Which career path did you envision for yourself when you were younger?
"My first ever dream job as a child was quite specific as I wanted to become a police dog puppy. Later in life as a teenager, I had multiple other paths in mind, but I was completely certain that I would not follow in my parents’ footsteps and turn to a career in economics or business.
When the time came to go to university, I considered studying law but decided to do a degree in law and economics. I did my bachelor’s degree in the UK and ended up at Ilmarinen straight out of university!"
Which part of your education have you used the most in your career?
"I think that the non-formal educational part of living, studying and working abroad has helped me to understand and communicate better with people from all kinds of backgrounds. Having said that, I do think that my education has been the best investment in my life by far.
Through education you learn how significant it is to learn new things. You learn that a willingness to learn and curiosity is important, and I believe that curiosity is essential in the investment business. Also, education teaches you to do research and to look at things from different perspectives."
Which part of your resumé represents the biggest change in your career?
"I was fortunate enough to work and live in Hong Kong for Ilmarinen for 3 and a half years, starting in 2015. Moving to the other side of the planet was a big change, both professionally and to my private life.
Another big change was becoming a full time ESG specialist and giving up my rather safe career as a credit analyst. That change felt scary and exciting at the same time! When I started as an ESG specialist in around 2005, I didn’t know anyone with that title. It felt like stepping into the unknown and I was worried about whether this career shift would keep me employed or if ESG was just a phase or an investment trend that would go away when another trend popped up.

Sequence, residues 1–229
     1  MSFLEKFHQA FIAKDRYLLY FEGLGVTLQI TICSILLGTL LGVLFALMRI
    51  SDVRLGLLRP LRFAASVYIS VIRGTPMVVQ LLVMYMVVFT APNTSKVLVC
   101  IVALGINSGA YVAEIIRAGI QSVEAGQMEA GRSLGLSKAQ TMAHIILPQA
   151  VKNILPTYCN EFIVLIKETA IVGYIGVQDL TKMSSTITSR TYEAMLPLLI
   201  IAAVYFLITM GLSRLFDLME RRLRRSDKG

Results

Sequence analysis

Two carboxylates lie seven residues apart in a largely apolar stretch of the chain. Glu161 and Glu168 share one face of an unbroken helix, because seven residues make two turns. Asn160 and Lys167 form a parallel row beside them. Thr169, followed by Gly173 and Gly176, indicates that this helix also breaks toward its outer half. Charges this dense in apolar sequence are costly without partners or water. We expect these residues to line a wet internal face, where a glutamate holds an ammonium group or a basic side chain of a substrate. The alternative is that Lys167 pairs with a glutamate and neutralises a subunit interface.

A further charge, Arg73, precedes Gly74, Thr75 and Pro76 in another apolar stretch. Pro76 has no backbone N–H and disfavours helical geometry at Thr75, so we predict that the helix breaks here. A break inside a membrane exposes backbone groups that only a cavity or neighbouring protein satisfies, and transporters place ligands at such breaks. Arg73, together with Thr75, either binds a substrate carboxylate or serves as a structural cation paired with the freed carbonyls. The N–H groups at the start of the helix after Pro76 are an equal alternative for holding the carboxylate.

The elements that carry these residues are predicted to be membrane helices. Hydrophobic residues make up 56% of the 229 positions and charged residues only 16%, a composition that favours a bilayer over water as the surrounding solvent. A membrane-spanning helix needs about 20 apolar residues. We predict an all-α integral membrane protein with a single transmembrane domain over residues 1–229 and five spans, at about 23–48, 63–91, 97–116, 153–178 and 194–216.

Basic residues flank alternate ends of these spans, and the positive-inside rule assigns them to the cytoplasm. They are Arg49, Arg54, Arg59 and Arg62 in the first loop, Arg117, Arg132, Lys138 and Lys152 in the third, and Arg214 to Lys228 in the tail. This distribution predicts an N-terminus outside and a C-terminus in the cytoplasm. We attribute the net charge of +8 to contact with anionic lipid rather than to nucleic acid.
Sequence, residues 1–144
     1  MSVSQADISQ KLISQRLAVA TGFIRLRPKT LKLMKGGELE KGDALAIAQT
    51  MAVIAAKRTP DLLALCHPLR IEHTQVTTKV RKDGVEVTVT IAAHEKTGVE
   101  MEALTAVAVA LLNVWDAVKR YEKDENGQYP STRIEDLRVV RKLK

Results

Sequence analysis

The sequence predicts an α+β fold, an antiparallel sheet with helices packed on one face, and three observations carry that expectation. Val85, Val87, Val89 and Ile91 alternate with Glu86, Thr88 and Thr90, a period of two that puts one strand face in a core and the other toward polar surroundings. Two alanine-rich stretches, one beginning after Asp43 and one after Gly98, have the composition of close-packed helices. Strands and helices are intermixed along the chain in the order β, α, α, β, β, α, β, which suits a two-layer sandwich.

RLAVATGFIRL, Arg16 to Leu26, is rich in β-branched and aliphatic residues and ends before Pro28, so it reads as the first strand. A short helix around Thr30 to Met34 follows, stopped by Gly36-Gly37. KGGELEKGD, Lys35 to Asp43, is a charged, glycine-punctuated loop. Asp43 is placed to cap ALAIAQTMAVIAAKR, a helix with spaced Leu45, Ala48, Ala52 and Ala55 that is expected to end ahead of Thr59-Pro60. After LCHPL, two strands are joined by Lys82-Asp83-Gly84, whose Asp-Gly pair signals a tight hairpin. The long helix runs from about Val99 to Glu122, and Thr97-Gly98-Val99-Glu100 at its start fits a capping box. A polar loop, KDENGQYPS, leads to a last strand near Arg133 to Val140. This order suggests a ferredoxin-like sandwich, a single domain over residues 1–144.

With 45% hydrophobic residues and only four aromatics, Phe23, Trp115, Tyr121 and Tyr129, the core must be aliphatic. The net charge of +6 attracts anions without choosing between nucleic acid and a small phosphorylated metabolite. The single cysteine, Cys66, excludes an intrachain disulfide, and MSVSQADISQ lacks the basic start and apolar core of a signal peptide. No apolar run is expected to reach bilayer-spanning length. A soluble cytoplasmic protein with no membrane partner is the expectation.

I was also afraid that I would become redundant if ESG was not just a phase, as I thought that the role of the ESG specialist was to make the portfolio managers really good at doing ESG analysis themselves. In some areas, this has actually been the case, as some of the analysis I did ten years ago is now a natural part of my portfolio manager colleagues’ investment processes.
But what I did not expect was the fact that ESG evolves quite quickly and when the portfolio managers are able to incorporate new themes into their investment process, I have moved on to look at something else that could hopefully become part of their investment process in time."
Which leader in the business has inspired your career the most?
"My answer is not really within the business, but a person from politics and diplomacy who has inspired me. I have read Ms. Madeleine Albright’s biography, but I also had the privilege to actually meet and talk to her.
She is a very strong person with an interesting history and background. Before I met her, she delivered an amazing speech and had an enormous amount of energy while she was wearing very high heeled shoes for several hours.
Albright was in her 70s when I met her, and I spoke to her very young assistant who told me that she got exhausted trying to keep up with her pace. That has become a life goal of mine: to be able to continue working at an old age and be full of energy – whilst wearing high heeled shoes."
What occupies you the most right now?
"We have recently published our new climate principles with a carbon neutrality target by 2035 and we don’t want to do it by just excluding companies.
We consider it a very ambitious target as we don’t have all of the tools available and we don’t know the full extent of the challenge. It will require a lot of work, developing tools and coordination, collaboration between colleagues, data providers, asset managers and stakeholders."
Industry has failed to communicate to women about the fun in fund management: “I honestly can’t think of a better job”